Mugi to Olive (むぎとオリーブ)
IT’S exciting to be in Japan at the height of the country’s ramen revolution where young and not so young ramen-ya chefs are being recognised for their innovation and cutting-edge bowls not only by long queues of zealots but also by renowned publications such as the Michelin Guide. Japan is possibly one of the only countries in the world where you can get a Michelin rated meal for about $10. One such ramen-ya that is taking ramen to new heights and is being recognised for its innovation and unique bowls is Muji to Olive in Tokyo’s stylish Ginza’s area.
Mugi to Olive translates as “Wheat and Olive” – wheat for the ramen noodles and olive for the virgin olive oil found at the ramen bar for adding to your bowl during the halfway stage to give it a richer and different complexity to the broth. It actually works very well and changes the flavour profile of its dishes and its this innovation as well as its marvellous clam and sardine soup base that has hordes lining up for one of the 15 counter table seats. The restaurant interior has a simple yet contemporary wooden countertop with water served in stainless steel cups. You can watch the chefs preparing your bowl like ballroom dancers gliding around the kitchen.
The ramen-ya serves serves three types of shoyu soup: one made with niboshi, (sardine), one with hamaguri clams and another with chicken. The “triple soba” option – which comes with a mix of all three broths – is the bowl that gets a lot of attention and praise from ramen zealots (as does the mazesoba) . Any of the menu items are easy to order at the ticket machine once you enter (for English speakers there is a menu above it to guide you to what order button to push).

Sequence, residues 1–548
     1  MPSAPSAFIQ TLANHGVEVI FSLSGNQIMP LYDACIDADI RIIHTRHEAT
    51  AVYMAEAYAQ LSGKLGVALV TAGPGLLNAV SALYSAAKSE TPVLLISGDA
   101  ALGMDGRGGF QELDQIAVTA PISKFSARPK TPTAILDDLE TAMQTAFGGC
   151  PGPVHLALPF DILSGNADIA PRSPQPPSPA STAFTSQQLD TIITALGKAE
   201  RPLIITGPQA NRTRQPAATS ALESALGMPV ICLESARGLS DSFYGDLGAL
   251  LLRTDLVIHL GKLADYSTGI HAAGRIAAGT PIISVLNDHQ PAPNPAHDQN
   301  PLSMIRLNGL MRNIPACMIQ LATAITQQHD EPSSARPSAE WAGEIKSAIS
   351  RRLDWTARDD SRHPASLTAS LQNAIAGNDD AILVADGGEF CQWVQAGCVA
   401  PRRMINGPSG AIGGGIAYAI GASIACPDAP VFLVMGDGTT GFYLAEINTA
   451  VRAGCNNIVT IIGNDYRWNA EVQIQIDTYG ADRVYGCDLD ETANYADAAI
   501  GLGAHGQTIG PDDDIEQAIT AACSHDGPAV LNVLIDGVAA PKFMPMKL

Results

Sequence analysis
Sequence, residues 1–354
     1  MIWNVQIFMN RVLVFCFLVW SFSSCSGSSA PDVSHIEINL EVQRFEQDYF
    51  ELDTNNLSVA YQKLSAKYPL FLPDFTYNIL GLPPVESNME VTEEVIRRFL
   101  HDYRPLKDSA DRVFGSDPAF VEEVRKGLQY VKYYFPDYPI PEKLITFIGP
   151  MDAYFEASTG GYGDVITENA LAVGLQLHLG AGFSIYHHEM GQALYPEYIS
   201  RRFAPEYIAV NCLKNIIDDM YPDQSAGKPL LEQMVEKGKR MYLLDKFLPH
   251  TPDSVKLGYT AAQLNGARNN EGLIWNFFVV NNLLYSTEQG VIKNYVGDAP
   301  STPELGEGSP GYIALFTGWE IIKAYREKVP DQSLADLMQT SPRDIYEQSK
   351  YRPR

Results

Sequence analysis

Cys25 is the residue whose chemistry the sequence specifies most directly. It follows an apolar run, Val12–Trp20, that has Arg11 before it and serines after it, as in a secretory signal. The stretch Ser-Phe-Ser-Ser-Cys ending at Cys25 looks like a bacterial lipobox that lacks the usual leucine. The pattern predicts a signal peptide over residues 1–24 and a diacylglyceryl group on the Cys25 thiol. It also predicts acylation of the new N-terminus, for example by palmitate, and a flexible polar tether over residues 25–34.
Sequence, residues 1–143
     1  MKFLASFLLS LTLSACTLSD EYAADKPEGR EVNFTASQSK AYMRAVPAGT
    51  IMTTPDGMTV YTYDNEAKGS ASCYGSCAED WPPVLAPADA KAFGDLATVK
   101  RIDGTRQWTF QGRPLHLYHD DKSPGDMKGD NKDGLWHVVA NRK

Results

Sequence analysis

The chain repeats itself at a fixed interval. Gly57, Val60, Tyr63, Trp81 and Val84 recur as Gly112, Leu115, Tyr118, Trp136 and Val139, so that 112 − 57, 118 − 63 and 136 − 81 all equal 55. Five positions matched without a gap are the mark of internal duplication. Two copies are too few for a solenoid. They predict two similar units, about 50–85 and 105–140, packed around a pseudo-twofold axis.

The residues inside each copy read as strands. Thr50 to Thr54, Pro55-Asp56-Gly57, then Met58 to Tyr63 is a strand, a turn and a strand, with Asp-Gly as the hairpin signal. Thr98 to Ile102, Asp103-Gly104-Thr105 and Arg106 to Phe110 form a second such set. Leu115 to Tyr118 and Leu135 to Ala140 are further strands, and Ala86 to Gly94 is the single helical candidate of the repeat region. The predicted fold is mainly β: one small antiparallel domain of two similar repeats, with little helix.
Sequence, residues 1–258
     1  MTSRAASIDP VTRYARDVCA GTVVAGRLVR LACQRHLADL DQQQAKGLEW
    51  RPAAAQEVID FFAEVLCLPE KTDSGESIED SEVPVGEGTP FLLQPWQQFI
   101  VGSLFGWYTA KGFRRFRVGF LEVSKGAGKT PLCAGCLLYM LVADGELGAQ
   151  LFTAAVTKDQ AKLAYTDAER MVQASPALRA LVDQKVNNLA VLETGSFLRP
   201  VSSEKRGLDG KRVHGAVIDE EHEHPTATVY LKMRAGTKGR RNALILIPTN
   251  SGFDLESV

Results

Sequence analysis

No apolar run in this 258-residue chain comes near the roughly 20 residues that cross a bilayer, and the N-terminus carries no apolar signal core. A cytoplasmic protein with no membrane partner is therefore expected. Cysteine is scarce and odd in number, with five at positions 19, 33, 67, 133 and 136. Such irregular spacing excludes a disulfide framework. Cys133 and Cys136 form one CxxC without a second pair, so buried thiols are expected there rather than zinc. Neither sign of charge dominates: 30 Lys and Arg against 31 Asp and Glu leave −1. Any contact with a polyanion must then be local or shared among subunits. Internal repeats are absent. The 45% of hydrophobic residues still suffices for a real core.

Mugi to Olive is a ramen-ya that is hell-bent on creating excellence in every bowl by using only ingredients that are renowned to be the best in Japan. The noodles come from Kyoto producer come from Teigaku, the chicken used is Daisen chicken from Tottori prefecture, while the hamaguri clams are from Kuwana in Moe prefecture – a region famous for these types of molluscs.
My triple ramen was simply stunning. The thin, straight noodles were al-dente The combination of clam, chicken and sardine soup with a tare of soy had pure dollops of chicken fat floating in it. The broths meld well – no over dominance by with the fish or chicken. The toppings included a tender piece of melt-in-your-mouth sous-vide Daisen chicken breast, half a dozen or so of those hamaguri clams a couple of knotted stripes of kamaboko naruto (fish cake), some strips of yam, a sprinkling of mitsuba greens and some seaweed.
Adding a glug of olive oil to the bowl halfway is a must (and the ritual) – it certainly adds another dimension and more depth of flavour – the peppery and fruity oil working well with the stock adding more umami and coating the mouth to make the flavour last longer.
Mugi to Olive is a ramen-ya that should be on the list of any true ramen zealot.